- Interview the recruitment agency. How do you expect to interact with an agency? What are your unique needs as a company? What is most important to you as a client and what type of experience and result do you want out of this engagement?
You know it when it happens. You’re attending a conference, and a shiny recruiter walks up to you and gets googly-eyed when they find out you’re a developer. Instead of focusing on making a human connection, they dig deep into your career aspirations as you block your face with your coffee and try to figure out an escape plan.
1. The recruiter lacks empathy for, or a true understanding of, their audience. If a recruiter focuses on the “sale” throughout their communication, they are far more likely to miss the opportunity for an authentic connection with a new person.
2. The company’s hiring philosophy or values are not candidate-centric. If the company’s leadership pressures the recruiter to make hires, without listening and considering market feedback from the recruiter, then the recruiter will naturally focus on making faster hires, quantity over quality. And why wouldn’t they? The pressure of losing your job is extremely anxiety-inducing, and leads to an insecure recruiter moving quickly to meet goals.
3. Some industries require a high-volume, rapid approach. There are industries that require high-volume recruitment, and it could benefit certain recruiters and industries to move quickly, aiming for quantity over quality. Therefore, I’ll speak specifically for the tech industry — it’s small. People know each other. Building long-term, strong connections are paramount to generating authentic conversations and at some point, authentic hires.
- Hire recruiters who prioritize building connections. These are recruiters who build thorough systems to maintain connections over long stretches of times with both candidates and their industry at large.
Recruiters aren’t expected to be technical. However, understanding the value a candidate will provide to an employer is only achievable if you have a deeper sense of their technical work.
1. Frankly, because it can. Many recruiters do not educate themselves beyond the job description and a discussion with the hiring manager. This is where a lot of the messiness in recruitment occurs — misaligned candidates from the outset, ghosting once the recruiter realized they made a mistake in reaching out to the wrong technical background, etc.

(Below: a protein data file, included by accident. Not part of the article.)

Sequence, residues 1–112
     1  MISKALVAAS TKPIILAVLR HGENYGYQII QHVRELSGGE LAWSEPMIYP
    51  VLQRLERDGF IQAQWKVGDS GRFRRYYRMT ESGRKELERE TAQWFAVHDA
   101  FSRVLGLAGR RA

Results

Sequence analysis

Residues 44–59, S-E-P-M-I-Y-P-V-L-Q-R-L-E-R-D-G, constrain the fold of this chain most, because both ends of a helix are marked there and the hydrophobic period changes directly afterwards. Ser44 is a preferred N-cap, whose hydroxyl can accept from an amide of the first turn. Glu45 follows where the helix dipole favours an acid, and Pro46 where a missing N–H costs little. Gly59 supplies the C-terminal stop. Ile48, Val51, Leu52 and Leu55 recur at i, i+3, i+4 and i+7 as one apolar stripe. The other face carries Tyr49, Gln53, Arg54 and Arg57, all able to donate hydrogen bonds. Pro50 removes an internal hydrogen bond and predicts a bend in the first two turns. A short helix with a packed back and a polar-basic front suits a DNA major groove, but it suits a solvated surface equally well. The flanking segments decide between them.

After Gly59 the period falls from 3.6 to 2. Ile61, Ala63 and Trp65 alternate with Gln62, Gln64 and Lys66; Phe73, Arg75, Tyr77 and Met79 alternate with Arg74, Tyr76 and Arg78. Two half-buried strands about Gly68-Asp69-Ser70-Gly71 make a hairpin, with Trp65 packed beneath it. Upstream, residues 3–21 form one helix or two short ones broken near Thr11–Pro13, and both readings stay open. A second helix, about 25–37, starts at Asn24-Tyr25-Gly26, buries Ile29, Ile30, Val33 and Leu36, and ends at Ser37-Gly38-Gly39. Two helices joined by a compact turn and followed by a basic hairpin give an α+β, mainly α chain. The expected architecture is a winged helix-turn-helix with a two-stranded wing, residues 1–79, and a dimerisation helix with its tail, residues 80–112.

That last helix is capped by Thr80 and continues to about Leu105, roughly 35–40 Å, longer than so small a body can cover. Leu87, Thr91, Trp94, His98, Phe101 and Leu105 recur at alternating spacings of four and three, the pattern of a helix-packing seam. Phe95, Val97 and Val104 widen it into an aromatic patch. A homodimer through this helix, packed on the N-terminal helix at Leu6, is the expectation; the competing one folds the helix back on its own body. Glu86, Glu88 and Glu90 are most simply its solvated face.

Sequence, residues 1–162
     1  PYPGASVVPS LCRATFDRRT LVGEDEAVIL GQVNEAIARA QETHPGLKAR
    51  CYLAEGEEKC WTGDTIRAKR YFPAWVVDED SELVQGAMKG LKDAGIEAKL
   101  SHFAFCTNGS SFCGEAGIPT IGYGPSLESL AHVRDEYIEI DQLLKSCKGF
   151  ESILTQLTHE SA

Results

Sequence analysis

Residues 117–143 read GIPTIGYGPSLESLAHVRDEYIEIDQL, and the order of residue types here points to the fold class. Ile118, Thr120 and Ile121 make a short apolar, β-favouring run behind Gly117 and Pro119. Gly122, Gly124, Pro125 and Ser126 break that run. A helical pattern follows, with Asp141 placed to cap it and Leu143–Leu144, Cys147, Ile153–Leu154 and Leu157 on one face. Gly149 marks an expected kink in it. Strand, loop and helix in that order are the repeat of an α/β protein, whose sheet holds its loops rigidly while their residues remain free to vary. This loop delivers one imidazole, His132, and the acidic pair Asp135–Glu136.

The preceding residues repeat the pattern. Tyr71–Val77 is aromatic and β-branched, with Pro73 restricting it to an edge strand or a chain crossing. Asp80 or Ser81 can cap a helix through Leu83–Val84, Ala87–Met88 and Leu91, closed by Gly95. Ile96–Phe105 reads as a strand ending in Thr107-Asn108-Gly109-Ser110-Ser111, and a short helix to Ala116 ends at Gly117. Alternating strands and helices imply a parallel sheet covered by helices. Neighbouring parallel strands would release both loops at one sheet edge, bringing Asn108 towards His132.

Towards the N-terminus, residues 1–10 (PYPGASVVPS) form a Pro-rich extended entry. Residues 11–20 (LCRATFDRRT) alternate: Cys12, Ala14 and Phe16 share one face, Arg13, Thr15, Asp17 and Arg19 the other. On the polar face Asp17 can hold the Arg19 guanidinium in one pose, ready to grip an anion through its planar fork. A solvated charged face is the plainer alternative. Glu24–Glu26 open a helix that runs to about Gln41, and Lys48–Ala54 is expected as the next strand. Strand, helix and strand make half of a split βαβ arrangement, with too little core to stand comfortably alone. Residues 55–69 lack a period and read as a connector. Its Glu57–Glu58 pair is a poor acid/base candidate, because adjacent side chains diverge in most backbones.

- Enroll in a one-day bootcamp. Specific to technical recruitment, taking a one-day in-person coding course at a local bootcamp often costs under $100. The recruiter expands their network and gains insight into the real world of software development.
- Learn the grounding principles behind software development from one or two different sources. This helps the recruiter spark meaningful conversations with their technical candidates, translating into authentic hires.
- Stay curious. Much like marketing, you have to know your audience. Ask questions if you don’t know, ask folks in the community what’s important to them. There’s always room to learn
Ultimately, all of these patterns tie back to one thing — creating a candidate-centric recruitment model. If software is built with the user in mind, then recruitment systems should be built with the candidate in mind. If every action a recruitment team makes is guided by the principle of putting the candidate first, then the above patterns will disintegrate. Recruitment will eventually receive a new reputation: career matchmakers, career therapists, awesome folks who help people find jobs, etc.
The Test Double recruitment team works with clients to hire exceptional, value-aligned technical and leadership roles. We treat our client’s candidates as we do our own.
You can learn more about our approach on our website or by emailing me directly at Anya.Iverova@testdouble.com. You can always reach out to me if you’d like to chat — no matter your background or industry — happy to make new connections.